In order to develop new genetic manipulation tools for the near-minimal bacterium M. florum, we investigated antibiotic susceptibility and oriC replication in this organism. We first validated that M. florum was indeed resistant to ampicillin, rifampin, sulfamethoxazole, and trimethoprim (Table 1), which are class-specific resistances shared among members of the Mollicutes (36,–40). We also observed that M. florum was resistant to kanamycin and gentamicin (Table 1). Interestingly, the sensitivity of Mollicutes to aminoglycosides has been reported to vary among strains and isolates (37, 39,–44). Similarly to the rifampin resistance in Mollicutes (37, 38), it is likely that M. florum resistance to kanamycin and gentamicin depends on variations in the targeted gene products, e.g., the 16S rRNA of the 30S ribosome subunit. More importantly, we showed that M. florum was sensitive to antibiotics generally effective against Mollicutes (36, 37, 40, 45), i.e., tetracycline, chloramphenicol, erythromycin, and puromycin (Table 1). M. florum was also found to be relatively sensitive to streptomycin and spectinomycin (Table 1).
The evaluation of M. florum antibiotic susceptibilities allowed us to investigate the functionality of different markers frequently used in bacteria. As expected, tetM and pac genes conferred M. florum resistance to high concentrations of tetracycline and puromycin (Table 2 and Fig. S2A and B). These markers were previously shown to be functional in several Mollicutes, including M. capricolum and M. mycoides (18,–26, 45). On the other hand, the functionality of the aadA1 gene in M. florum was interesting since it is, to our knowledge, the first time that this genetic marker has been artificially introduced in a bacterium of the Mollicutes class (Table 2 and Fig. S2C and D). The cat and ereB genes did not confer protection against their cognate antibiotics in M. florum. However, these markers were functional in E. coli carrying pMflCT-o4 and pMflET-o4 plasmids and have been employed in other Mollicutes (46,–50). Since cat and ereB were recoded to be functional in E. coli and in M. florum, it remains possible that they were not properly or sufficiently expressed in M. florum to confer a resistance phenotype.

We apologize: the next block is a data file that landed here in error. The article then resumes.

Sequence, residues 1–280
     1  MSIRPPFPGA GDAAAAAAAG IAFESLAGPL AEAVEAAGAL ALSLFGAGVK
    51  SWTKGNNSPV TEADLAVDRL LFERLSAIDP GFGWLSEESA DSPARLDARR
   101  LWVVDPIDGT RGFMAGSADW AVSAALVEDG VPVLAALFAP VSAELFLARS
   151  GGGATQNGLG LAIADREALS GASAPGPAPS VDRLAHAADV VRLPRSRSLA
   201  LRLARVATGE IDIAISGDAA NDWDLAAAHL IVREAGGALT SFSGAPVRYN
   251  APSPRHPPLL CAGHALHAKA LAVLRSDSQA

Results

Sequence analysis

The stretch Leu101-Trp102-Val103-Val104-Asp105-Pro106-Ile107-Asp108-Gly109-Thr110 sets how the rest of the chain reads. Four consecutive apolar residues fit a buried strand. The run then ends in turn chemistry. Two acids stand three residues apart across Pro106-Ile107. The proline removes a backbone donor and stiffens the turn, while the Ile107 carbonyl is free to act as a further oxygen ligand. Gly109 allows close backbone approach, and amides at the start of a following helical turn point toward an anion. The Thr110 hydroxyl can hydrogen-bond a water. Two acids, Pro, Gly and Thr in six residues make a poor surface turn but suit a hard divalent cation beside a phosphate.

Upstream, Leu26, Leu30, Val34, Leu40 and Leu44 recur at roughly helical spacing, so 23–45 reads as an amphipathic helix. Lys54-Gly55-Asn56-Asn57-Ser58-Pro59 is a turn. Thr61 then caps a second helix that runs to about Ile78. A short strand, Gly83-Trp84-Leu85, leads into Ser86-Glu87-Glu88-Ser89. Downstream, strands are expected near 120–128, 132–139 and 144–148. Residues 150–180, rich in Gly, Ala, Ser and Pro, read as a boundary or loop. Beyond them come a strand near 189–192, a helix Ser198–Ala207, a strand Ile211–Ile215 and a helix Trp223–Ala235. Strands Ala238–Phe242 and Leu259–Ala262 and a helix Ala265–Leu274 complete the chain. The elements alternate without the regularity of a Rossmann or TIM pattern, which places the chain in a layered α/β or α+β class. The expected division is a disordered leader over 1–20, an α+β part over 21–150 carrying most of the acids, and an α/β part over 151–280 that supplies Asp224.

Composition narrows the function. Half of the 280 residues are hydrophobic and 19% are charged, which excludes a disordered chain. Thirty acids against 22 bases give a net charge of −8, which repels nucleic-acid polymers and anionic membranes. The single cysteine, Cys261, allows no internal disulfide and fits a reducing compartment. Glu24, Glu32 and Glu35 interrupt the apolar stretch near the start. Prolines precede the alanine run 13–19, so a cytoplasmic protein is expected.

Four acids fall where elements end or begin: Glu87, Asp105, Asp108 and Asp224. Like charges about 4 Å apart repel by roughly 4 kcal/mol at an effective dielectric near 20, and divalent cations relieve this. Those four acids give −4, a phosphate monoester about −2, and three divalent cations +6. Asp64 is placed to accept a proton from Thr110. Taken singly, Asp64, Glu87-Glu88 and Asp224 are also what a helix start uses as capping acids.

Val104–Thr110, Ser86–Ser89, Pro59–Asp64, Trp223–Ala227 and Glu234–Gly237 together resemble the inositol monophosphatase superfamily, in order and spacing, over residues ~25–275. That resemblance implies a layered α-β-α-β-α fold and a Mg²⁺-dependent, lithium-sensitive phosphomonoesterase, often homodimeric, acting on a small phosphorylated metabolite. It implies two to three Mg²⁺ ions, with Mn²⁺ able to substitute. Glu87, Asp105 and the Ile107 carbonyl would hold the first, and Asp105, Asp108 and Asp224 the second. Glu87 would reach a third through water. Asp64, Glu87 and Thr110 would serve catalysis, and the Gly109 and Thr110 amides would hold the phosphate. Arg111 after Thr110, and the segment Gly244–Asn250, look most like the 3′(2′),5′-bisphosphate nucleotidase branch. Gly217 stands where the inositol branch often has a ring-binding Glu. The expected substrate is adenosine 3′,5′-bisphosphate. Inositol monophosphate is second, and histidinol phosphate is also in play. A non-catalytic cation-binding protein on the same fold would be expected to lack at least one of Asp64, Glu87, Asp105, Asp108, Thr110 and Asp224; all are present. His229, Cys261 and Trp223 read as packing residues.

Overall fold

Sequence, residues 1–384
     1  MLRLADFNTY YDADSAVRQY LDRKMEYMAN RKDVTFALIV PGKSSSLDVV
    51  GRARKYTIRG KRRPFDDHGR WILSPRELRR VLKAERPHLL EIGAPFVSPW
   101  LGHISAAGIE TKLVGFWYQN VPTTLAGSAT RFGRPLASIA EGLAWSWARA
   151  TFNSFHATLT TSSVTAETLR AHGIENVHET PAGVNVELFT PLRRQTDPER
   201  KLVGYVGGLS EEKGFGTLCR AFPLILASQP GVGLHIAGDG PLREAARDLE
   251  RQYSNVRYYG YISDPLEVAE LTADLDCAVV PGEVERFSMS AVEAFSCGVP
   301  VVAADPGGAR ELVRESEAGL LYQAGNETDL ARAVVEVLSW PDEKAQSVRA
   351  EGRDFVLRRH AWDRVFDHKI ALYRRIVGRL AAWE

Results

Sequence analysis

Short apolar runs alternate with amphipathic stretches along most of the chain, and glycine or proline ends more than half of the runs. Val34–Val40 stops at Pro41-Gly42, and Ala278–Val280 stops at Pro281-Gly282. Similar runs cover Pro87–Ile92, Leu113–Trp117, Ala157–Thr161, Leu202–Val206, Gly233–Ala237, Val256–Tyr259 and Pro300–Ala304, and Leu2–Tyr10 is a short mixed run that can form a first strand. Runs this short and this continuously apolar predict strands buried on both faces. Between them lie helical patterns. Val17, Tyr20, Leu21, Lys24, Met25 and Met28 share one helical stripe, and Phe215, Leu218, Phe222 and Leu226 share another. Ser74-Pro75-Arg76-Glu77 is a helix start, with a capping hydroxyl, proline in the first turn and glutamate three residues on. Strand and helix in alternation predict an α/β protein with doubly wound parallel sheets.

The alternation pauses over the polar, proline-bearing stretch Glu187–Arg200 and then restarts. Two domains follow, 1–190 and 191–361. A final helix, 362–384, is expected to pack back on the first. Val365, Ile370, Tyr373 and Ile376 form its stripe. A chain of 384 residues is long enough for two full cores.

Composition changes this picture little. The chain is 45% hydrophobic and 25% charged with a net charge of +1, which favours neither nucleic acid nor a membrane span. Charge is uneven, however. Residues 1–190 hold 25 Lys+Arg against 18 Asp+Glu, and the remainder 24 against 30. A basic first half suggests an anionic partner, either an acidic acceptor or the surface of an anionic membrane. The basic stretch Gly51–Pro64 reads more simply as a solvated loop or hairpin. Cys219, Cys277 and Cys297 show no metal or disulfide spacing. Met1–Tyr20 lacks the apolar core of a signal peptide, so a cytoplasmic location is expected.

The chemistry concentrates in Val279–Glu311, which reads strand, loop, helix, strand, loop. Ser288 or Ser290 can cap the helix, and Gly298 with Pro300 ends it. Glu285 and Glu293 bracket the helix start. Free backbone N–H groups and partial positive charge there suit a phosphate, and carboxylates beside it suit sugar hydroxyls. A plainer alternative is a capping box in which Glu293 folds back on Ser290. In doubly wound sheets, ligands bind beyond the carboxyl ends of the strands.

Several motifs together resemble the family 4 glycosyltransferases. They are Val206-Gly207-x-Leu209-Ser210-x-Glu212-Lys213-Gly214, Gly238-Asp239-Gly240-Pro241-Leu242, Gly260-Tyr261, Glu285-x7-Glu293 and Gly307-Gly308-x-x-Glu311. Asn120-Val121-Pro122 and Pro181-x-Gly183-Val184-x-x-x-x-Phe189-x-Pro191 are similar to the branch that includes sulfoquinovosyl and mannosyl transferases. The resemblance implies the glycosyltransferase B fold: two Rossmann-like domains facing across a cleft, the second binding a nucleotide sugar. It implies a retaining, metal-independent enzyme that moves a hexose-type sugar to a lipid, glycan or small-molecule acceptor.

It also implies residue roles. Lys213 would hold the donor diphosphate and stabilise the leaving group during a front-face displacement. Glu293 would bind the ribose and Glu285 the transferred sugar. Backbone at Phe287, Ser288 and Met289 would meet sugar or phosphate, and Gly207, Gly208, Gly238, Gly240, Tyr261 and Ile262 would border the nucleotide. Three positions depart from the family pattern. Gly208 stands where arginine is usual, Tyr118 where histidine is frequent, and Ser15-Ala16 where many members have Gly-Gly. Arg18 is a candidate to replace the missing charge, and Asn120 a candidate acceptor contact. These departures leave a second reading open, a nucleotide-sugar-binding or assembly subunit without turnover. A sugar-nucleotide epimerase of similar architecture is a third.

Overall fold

Using available genomic sequences of Mollicutes closely related to M. florum, we constructed a putative DnaA binding motif and we identified putative DnaA boxes within previously uncharacterized oriC regions of members of the Spiroplasma group, such as M. leachii, M. putrefaciens, and, more importantly, M. florum (Fig. 1B and S1 and Table S5). Our predicted DnaA binding motif is highly consistent with the previously proposed putative DnaA box consensus of Mollicutes [TT(A/T)TC(C/A)ACA] and is reminiscent of the consensus sequence found in E. coli (21, 24, 27, 51). Furthermore, high-confidence putative DnaA boxes previously identified in M. mycoides, M. capricolum, and S. citri using E. coli DnaA binding consensus were successfully identified using our approach (24). Still, it is possible that more degenerate DnaA boxes exist and contribute to the chromosomal replication in these bacteria but were not detected by our motif, according to our search parameters. For example, Lartigue et al. (24) proposed a degenerate putative DnaA box located ~30 bp from the start codon of rpmH in M. mycoides and M. capricolum that was not identified by our method (Fig. 1C and S1).
Plasmids harboring both M. florum oriC intergenic regions, with or without a copy of the dnaA gene (pMflT-o4 and pMflT-o3, respectively), were found to transform M. florum at approximately the same frequency (Fig. 3A). These results indicate that cis-expression of the DnaA protein or the spacing provided by the dnaA gene between the two clusters of DnaA boxes is probably not essential for proper plasmid replication and maintenance in M. florum. Intriguingly, even if the majority of analyzed transformants showed extrachromosomal forms of the oriC plasmids after overnight culture (Fig. 3B and andC),C), we observed that recombination with the M. florum chromosome also occurred for all tested clones, corroborating previous observations indicating that oriC plasmids are highly recombinogenic in Mollicutes (18,–24, 26). Since both the pMflT-o3 and pMflT-o4 plasmids were present in approximately one copy per cell relative to the M. florum chromosome (Fig. 4A), this suggests that a dynamic state between the circular and the integrated forms of the plasmids may exist within a clonal population of cells. Nevertheless, we showed that both constructs were maintained for at least 85 generations (48 h of continuous growth) without any selection (Fig. 4B and andC).C). It remains to be determined if the extrachromosomal form is disfavored over time and if the long-term oriC plasmid stability is dependent on integration events. Additional experiments will also be necessary to engineer M. florum oriC plasmids to remain as extrachromosomal molecules, or conversely, to perform specific gene targeting.